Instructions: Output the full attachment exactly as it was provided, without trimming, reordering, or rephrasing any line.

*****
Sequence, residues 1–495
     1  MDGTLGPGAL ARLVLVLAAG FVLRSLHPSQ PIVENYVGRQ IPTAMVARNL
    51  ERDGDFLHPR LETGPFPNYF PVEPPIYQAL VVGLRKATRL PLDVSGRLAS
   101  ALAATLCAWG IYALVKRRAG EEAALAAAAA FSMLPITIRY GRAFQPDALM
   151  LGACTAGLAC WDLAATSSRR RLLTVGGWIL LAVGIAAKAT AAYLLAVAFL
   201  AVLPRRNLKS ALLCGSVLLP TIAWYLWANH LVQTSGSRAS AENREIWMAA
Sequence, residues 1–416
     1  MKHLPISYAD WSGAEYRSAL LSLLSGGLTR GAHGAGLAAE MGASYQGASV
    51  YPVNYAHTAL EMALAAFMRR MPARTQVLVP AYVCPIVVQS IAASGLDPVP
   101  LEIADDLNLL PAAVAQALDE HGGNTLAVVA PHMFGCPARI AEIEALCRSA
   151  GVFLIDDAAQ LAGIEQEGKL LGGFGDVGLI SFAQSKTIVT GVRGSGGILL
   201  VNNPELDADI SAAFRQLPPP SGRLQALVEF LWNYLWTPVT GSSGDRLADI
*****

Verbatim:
Sequence, residues 1–495
     1  MDGTLGPGAL ARLVLVLAAG FVLRSLHPSQ PIVENYVGRQ IPTAMVARNL
    51  ERDGDFLHPR LETGPFPNYF PVEPPIYQAL VVGLRKATRL PLDVSGRLAS
   101  ALAATLCAWG IYALVKRRAG EEAALAAAAA FSMLPITIRY GRAFQPDALM
   151  LGACTAGLAC WDLAATSSRR RLLTVGGWIL LAVGIAAKAT AAYLLAVAFL
   201  AVLPRRNLKS ALLCGSVLLP TIAWYLWANH LVQTSGSRAS AENREIWMAA
Sequence, residues 1–416
     1  MKHLPISYAD WSGAEYRSAL LSLLSGGLTR GAHGAGLAAE MGASYQGASV
    51  YPVNYAHTAL EMALAAFMRR MPARTQVLVP AYVCPIVVQS IAASGLDPVP
   101  LEIADDLNLL PAAVAQALDE HGGNTLAVVA PHMFGCPARI AEIEALCRSA
   151  GVFLIDDAAQ LAGIEQEGKL LGGFGDVGLI SFAQSKTIVT GVRGSGGILL
   201  VNNPELDADI SAAFRQLPPP SGRLQALVEF LWNYLWTPVT GSSGDRLADI